Moral puzzles about collective action

If I don’t fly from London to my sister’s
wedding in New Zealand she will be upset, I will cause her pain and so
that’s morally bad. If I do fly to my sister’s wedding in New Zealand I
will put about four tonnes of carbon dioxide into the atmosphere, which
will contribute to climate change, which, according to the World Health
Organisation, already causes about 150,000 deaths every year. Clearly
that’s also morally bad. Which is the morally correct thing to do?

That question is considered by Will Wilkinson.  Don’t argue the facts of carbon emissions (you can choose another scenario if you wish), focus on the moral dilemma.  Will says fly, the plane is going anyway.  That makes my brain hurt with game theory and the probability of threshold effects and triggers.  (Isn’t there some chance that your patronage, eventually, sets another flight in motion, if only stochastically?)  Under an alternative approach, say you are allowed some quota of carbon emissions; otherwise suicide or residence in Iceland as a pedestrian would be required.

Your net carbon impact depends far more on the number of children you will have than any other variable; remember good environmentalism uses a zero rate of discount.  So people with no biological children should be allowed to fly a lot and people with lots of biological children should not get to fly so much at all.  Is that so far from the reality we observe?

Here is a good new piece on our carbon footprints.


Actually, that's exactly the reality I observe:

"Every year, we also take a nice holiday - we've just come back from South Africa.

"We feel we can have one long-haul flight a year, as we are vegan and childless, thereby greatly reducing our carbon footprint and combating over-population."

You picked an awfully cold day to post about global warming. A trip to New Zealand is expensive; also we should be investing more in things that will help us in case of climate change. Buy her shares in such a company as a wedding present instead of going. He can add extra for guilt.

So not going to your sister's wedding is morally bad because it causes her pain? In that case, wouldn't
not paying for malaria prevention be morally bad because it causes people pain? Wouldn't it be morally
wrong to go to your sister's wedding instead of using the money to prevent malaria, since the pain of
having malaria, or having your child die of it, is worse than the pain of not having your brother at your
wedding? It seems that once you decide that not preventing pain is morally wrong, you're going to have a
hard time staying moral. Maybe the easiest option would be for this person to change their concept of
morality, a process that emits very little CO2 in most cases.

Just offset your emissions. There are better and worse ways of doing this, but the reputable companies will offset that flight for no more than $120.

Also, please note, that even with the most generous assumptions on the part of the global warming side, the 5.8 seconds I show is a vast overestimation, as I assume that each of the 150,000 deaths has their lives shortened by 60 years. In reality, their lives are shortened by some function, but on average will be closer to their expected lifespan anyway.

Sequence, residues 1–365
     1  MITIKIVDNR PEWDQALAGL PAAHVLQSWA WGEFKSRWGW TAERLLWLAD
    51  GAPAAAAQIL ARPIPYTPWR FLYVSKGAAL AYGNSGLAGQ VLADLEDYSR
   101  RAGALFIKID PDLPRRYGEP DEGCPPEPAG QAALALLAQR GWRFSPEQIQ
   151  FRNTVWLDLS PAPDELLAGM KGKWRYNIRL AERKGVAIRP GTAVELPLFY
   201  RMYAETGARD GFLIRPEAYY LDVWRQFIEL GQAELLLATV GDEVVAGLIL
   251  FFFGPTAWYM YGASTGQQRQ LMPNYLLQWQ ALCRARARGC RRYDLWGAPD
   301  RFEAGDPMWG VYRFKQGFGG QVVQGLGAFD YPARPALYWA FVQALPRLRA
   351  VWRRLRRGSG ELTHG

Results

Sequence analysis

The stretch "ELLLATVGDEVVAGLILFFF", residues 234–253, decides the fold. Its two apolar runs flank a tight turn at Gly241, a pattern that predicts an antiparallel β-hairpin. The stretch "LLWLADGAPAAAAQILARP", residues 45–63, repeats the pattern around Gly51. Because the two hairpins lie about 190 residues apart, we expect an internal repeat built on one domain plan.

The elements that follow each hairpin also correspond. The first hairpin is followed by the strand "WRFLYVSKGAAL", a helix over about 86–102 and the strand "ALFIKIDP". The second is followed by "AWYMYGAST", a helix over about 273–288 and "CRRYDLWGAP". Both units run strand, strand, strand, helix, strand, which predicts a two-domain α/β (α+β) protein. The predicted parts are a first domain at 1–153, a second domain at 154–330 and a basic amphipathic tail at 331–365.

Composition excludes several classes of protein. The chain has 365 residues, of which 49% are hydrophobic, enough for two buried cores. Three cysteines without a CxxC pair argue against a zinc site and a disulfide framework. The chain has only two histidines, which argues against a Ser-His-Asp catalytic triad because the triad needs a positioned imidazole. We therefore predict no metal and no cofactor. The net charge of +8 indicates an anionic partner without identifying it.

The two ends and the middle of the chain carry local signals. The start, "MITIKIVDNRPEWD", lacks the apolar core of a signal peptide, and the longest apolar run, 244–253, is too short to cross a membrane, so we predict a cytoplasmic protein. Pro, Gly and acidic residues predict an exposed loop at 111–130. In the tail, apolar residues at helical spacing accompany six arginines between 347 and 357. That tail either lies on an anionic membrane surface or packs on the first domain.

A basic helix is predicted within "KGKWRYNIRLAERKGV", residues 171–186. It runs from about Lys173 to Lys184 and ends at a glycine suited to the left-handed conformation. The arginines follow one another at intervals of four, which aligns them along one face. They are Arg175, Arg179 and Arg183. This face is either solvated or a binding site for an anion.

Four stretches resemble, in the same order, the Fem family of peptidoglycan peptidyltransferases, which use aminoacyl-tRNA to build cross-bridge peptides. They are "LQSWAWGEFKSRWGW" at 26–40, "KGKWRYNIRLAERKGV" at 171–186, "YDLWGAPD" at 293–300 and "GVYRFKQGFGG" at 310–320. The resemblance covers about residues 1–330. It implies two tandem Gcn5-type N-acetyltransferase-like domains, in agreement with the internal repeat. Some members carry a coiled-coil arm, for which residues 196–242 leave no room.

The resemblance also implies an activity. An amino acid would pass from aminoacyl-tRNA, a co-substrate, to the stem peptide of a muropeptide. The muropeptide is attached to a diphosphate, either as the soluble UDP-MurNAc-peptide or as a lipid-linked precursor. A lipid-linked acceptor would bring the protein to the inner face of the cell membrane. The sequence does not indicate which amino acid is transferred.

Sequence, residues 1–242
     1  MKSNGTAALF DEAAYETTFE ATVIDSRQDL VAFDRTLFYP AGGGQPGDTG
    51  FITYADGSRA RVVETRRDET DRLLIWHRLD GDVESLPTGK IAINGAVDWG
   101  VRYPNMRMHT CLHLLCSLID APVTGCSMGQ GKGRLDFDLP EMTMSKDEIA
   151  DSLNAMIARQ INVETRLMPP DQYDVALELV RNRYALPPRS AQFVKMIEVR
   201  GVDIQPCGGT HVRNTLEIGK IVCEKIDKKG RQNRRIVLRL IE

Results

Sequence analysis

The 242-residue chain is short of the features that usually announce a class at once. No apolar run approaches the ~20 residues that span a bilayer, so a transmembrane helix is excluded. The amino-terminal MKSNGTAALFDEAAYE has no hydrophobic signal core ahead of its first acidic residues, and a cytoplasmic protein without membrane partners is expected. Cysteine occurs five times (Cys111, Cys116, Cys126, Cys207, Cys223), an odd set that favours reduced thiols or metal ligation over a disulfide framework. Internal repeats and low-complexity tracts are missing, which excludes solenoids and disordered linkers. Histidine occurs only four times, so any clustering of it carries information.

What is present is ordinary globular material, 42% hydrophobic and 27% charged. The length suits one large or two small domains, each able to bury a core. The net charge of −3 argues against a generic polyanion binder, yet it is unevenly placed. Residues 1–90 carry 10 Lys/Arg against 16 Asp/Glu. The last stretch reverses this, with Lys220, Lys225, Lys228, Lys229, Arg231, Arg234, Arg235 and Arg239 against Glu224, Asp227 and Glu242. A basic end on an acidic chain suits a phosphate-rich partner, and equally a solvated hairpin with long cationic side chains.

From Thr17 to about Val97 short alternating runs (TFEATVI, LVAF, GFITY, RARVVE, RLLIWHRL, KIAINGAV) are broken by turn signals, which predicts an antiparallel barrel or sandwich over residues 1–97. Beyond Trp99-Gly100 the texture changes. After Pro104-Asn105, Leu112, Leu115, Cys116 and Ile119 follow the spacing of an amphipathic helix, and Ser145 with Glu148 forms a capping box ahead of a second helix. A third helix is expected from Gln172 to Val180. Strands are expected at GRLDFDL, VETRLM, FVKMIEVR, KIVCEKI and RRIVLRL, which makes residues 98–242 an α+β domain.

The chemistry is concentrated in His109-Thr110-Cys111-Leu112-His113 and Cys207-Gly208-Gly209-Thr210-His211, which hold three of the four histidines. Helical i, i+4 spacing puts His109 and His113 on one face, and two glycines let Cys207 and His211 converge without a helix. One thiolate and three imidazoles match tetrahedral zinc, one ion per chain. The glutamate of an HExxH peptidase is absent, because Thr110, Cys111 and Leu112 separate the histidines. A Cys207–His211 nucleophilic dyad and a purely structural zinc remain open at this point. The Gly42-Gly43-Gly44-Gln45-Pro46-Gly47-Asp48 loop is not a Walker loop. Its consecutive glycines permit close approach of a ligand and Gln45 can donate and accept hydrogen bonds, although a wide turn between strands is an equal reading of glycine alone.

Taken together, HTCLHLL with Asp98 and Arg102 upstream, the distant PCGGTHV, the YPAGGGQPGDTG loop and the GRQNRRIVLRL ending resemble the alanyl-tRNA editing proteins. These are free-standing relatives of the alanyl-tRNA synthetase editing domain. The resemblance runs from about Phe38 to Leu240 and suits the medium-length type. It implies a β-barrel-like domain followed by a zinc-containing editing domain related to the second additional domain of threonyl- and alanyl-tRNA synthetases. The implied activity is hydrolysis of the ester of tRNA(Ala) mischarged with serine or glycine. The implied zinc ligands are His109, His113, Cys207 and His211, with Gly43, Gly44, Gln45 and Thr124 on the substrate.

If you want to stop 150,000 deaths per year effectively, invest in foreign economies or donate to (effective) charities. You'll have much more positive an impact, as poverty is the primary factor in the short lifespan of most of the world's population, not carbon.

Agreed w/ Anony: this is not a decision made in a vacuum, but in a larger context. It is not a dilemma, as stated. Will can go to the wedding, and "pay" for it by taking public transportation for a few months, thereby achieving both his objectives. The real dilemma is whether attending his sister's wedding is worth what it would take for him to feel good about it.

I see at least five lines of argumentation that can be used to justify flying:

1) Questioning the fact of unsustainability
2) Restricting the scope of whose utility matters
3) Stressing the limitations of individuals
4) Utilitarian arguments
5) Competing duties (the argument about duties to family, etc)

I have spelled them out much more comprehensively here.

Tyler, thanks for making the point about children. I hope Bryan Caplan points out this environmental cost of having more children (an externality) in the book he is currently working on.

Find someone in NZ with a sister getting married in the UK and exchange invitations. Gains from trade, voila!

Since I can't have a child, and any woman can have a child of her own with out my assistance,only men should be able to fly and therefor I can fly as often as I like. Right

Charge a Pigou tax on air travel, use it to pour iron oxide into the sea, then decide if your sister is worth the money.

Fly! The 150,000 deaths are from warmer weather allegedly caused by man-made CO2 emissions. But warmer weather also reduces deaths related to cold. And even the British government recently admitted that the lives saved due to warmer weather would be greater than the number lost. In the name of humanity, save lives and fly.

"So people with no biological children should be allowed to fly a lot and people with lots of biological children should not get to fly so much at all."

Whereas people without biological children should not be permitted to collect social security...

I'm gonna put a carbon footprint up Algore's ass.

It's the SUN, you morons.

By going to New Zealand you are contributing to the death of 150,000 who would otherwise produce many greenhouse gasses. It's win-win.

It is enlightening!

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